CNVs can have dramatic phenotypic consequences caused by altering gene dosage, disrupting gene coding sequence or perturbing long-range gene regulation. We compared the locations of the 17 significantly associated CNVs with the bovine refGene database (http://hgdownload.soe.ucsc.edu/goldenPath/bosTau6/database/). There were 9 CNVs overlapping with 13 genes (Fig. 1 and Table 1). Among these 13 genes, five (KCNJ12, SETD4, CBR1, DYNC1LI1 and PRAME) were overlapped by at least one exon on their 5’ terminal end. CNV98 and CNV121 were completely located at the last introns of EPHB3 and COL26A, respectively. Conversely, five genes were completely located within two CNV regions (GBP6 and GBP4 in CNV204, HSFY2 and ZNF280B in CNV96, TSPY in CNV99). CNV99 was also overlapped with the 9th intron of PANCC. Nucleotide sequence variation in the promoter region can also affect the corresponding gene’s expression. We also examined whether any CNVs overlapped with regions up to 2000 bp upstream of gene transcript start sites but none was found.

KCNJ12 as a candidate gene for muscling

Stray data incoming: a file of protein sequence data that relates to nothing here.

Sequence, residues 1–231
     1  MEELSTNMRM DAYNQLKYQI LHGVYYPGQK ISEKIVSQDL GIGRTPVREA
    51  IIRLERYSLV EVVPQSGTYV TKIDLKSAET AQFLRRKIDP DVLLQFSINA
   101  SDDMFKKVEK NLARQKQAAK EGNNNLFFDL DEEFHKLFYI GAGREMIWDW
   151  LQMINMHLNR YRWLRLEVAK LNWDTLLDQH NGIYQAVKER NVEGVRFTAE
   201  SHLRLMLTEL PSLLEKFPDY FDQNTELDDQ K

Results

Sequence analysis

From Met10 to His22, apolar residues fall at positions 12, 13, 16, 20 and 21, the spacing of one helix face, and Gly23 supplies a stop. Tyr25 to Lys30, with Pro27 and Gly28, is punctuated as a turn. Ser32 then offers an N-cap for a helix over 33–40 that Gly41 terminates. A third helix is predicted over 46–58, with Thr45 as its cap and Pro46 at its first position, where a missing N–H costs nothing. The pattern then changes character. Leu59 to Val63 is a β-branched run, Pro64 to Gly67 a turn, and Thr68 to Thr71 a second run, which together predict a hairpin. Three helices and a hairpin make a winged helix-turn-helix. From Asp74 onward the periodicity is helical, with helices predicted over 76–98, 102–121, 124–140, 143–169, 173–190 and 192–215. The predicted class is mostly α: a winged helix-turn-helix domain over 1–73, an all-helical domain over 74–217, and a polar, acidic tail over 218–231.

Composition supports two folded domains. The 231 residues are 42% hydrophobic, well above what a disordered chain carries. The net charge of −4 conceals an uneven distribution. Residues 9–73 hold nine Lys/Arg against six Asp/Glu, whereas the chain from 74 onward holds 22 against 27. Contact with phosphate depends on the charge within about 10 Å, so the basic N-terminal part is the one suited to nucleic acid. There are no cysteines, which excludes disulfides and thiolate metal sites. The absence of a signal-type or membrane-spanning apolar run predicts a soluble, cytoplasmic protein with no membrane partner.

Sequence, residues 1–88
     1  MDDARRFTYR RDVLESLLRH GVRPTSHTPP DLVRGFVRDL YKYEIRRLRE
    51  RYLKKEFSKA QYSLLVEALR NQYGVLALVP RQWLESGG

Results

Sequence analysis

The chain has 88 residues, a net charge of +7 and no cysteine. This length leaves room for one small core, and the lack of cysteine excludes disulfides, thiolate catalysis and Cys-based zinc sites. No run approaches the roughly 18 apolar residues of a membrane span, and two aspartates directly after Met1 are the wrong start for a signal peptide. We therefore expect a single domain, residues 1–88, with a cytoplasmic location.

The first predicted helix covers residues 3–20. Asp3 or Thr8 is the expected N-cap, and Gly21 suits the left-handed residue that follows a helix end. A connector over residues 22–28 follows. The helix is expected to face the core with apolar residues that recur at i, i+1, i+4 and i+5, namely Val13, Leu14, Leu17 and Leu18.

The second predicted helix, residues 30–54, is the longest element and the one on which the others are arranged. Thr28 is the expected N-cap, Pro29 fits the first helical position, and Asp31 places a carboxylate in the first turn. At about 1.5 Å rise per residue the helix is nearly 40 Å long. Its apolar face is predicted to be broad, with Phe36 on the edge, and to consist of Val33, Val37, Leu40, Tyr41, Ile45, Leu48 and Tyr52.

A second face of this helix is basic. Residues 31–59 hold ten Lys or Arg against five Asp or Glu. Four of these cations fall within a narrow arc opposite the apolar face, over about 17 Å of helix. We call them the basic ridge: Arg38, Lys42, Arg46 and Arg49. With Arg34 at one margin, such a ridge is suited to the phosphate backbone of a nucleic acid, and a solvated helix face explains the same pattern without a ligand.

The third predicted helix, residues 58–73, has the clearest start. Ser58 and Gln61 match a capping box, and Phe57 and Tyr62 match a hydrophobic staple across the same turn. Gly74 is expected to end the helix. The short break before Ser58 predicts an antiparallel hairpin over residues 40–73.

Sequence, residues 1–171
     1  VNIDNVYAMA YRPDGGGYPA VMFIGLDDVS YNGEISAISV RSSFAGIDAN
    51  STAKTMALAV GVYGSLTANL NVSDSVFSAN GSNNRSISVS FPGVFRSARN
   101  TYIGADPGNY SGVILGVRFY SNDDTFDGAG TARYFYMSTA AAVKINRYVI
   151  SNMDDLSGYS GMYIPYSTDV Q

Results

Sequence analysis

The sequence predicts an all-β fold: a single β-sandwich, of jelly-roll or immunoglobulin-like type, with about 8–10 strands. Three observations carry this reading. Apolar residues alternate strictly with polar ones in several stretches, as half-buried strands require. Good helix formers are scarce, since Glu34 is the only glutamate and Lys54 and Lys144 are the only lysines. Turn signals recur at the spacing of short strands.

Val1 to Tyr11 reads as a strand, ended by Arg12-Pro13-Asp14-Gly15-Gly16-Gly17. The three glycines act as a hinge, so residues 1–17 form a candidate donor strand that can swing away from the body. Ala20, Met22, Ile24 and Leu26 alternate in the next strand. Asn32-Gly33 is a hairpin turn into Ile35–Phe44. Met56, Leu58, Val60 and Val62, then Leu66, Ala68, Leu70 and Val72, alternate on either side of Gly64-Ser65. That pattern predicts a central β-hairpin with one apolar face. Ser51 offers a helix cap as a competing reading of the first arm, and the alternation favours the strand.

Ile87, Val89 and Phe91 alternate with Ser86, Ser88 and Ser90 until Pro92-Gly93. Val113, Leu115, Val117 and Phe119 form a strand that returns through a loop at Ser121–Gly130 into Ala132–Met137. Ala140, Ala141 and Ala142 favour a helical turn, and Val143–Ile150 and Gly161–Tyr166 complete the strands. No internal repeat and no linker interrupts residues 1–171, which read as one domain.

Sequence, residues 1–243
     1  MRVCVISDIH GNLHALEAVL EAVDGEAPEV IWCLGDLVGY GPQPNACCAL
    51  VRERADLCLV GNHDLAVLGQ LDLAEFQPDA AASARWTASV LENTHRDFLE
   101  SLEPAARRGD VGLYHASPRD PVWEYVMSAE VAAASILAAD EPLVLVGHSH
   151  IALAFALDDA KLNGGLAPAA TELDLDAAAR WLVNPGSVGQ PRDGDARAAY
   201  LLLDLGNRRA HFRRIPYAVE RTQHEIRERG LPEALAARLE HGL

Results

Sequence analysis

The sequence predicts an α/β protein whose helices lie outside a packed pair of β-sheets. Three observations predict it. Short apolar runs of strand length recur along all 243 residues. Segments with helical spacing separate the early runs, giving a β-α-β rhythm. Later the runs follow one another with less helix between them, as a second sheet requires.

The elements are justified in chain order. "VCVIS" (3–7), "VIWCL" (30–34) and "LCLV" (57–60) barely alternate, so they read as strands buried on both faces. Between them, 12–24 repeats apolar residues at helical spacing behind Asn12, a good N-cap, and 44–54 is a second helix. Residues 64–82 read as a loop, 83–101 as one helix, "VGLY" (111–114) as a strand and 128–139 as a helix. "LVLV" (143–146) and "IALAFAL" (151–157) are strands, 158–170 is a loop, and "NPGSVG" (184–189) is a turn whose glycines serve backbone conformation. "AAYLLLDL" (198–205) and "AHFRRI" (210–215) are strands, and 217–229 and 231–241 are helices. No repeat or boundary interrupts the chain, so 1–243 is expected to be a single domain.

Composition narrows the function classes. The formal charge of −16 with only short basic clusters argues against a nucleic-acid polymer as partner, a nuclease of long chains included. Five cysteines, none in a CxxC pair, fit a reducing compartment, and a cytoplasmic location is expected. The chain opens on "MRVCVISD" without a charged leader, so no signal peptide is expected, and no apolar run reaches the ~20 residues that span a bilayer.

Several of the genes found in this study might contribute to body traits, when associated with overlapped CNVs, according to their Gene Ontology and pathway annotation in different species. We selected KCNJ12 (potassium inwardly-rectifying channel, subfamily J, member 12), located at chr19: 35,955,280-35,993,796 as a candidate to do further analysis. Its first exon overlaps with CNV100 (chr19: 35933815-35957534), which was significantly associated with the two highly related traits (muscling and precocity), as well as being associated with the WG and the visual conformation traits. Both muscling and precocity visual traits are designed to predict carcass features in the live animal, as an approximation of the muscle (meat) contained in the carcass itself after slaughtering. Previous studies have shown that KCNJ12 gene family members were expressed in brain and muscle [22]. RNA-seq analysis reported by previous studies revealed that bovine KCNJ12 gene expression was significantly up-regulated from fetal to adult stage in longissimus muscle [23], pointing out its role in muscle development.